In the dynamic landscape of graphics cards, where newer and more powerful models often steal the spotlight, Nvidia is making headlines by reaffirming its dedication to the tried-and-true GeForce RTX 3060. Almost four years since its initial launch, the RTX 3060 continues to hold its ground as a popular mid-range choice, defying the onslaught of newer technologies introduced with the Ada Lovelace architecture.
Recent reports from Videocardz indicate that Nvidia is poised to continue shipping RTX 3060 chips well into the first quarter of the coming year. This revelation comes at a time when critics consistently argue that the RTX 40-series is overpriced, especially with the RTX 4060, a supposed successor to the RTX 3060, failing to deliver a significant performance boost.
Priced at $299 MSRP, the RTX 4060 may seem like an attractive alternative, especially considering its improvement over the RTX 3060’s $329 launch price. However, a quick scan on popular online retailers like Amazon reveals RTX 3060s available for as low as $289. With a mere $11 price difference, one can’t help but question why third-party vendors are still investing in the production of new RTX 3060 models based on the aging GA106 chip.
Speculations arise that Nvidia is offering the older Ampere GPUs at an enticing price, incentivizing board partners to continue manufacturing new RTX 3060 models with a lowered MSRP. This strategy, while unconventional in a market that typically favors newer releases, underscores the enduring popularity and cost-effectiveness of the RTX 3060.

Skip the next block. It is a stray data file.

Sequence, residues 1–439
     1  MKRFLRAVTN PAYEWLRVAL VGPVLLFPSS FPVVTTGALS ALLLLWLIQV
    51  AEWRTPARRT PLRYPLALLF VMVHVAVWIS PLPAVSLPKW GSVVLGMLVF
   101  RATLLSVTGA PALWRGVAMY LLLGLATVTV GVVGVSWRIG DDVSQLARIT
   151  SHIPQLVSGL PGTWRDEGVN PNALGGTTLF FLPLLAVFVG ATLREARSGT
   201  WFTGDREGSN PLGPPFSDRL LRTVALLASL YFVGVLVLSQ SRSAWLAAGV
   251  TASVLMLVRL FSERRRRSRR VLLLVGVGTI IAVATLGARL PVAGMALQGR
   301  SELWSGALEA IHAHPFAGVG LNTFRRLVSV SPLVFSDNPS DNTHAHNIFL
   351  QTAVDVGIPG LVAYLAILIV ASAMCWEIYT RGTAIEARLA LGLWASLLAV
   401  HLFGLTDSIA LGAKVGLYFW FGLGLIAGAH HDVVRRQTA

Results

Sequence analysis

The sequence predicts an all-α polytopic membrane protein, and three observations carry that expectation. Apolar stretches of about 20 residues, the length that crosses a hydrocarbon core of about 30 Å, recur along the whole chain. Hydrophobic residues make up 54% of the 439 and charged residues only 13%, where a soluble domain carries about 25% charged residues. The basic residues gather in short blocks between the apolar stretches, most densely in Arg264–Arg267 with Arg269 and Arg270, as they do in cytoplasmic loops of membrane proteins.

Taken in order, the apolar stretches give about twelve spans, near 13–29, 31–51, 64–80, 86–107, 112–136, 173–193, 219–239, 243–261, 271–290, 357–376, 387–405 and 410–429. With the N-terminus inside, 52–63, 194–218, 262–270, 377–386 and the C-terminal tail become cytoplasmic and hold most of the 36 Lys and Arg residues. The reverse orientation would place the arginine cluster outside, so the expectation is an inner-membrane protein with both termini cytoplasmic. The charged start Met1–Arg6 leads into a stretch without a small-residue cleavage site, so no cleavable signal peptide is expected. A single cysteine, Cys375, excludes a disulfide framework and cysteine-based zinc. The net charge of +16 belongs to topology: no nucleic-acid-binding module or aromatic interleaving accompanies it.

Market analysts suggest that Nvidia’s decision to prolong the life of the RTX 3060 may also be a strategic response to the success of AMD’s last-gen Radeon RX 6000 cards, particularly the budget-friendly RX 6600 and RX 6700 XT, priced at around $190 and $310, respectively. In a market where affordability plays a crucial role, a competitively priced RTX 3060, perhaps hovering around $260, could find a receptive audience.
One significant factor influencing the extension of the RTX 3060’s lifespan is the conspicuous absence of the RTX 4050. Currently, the lowest-tier Ada Lovelace desktop card is the RTX 4060, utilizing the same AD107 GPU found in the laptop RTX 4050. However, the mobile GPU features 512 fewer shaders, half the L2 cache, and one less memory controller, resulting in a 96-bit memory bus and 6GB of VRAM.
The potential release of a desktop RTX 4050, priced between $200 and $240, using the same chip as its mobile counterpart, faces skepticism. Such a product might offer marginal improvements over the older RTX 3050 unless substantial clock speed enhancements are introduced.
By keeping the RTX 3060 available at a lower cost, Nvidia not only maintains a competitive edge but also ensures the utilization of its AD107 chips across various product lines, including the RTX 4060, laptop RTX 4050, and RTX 2000 workstation products. Simultaneously, board partners benefit from affordable GA106s, allowing the creation of new and diverse models for different market segments.
Despite being four years old and lacking support for DLSS with Frame Generation, the RTX 3060 remains a reliable and formidable graphics card, particularly for 1080p gaming. While its longevity may not extend another four years, the fact that it is still a topic of discussion speaks volumes about its enduring relevance in the ever-evolving world of graphics cards. As Nvidia continues to stand by its stalwart RTX 3060, the prospect of a truly budget Ada card appears to be growing more distant, leaving consumers and enthusiasts intrigued about the future of mid-range GPU options.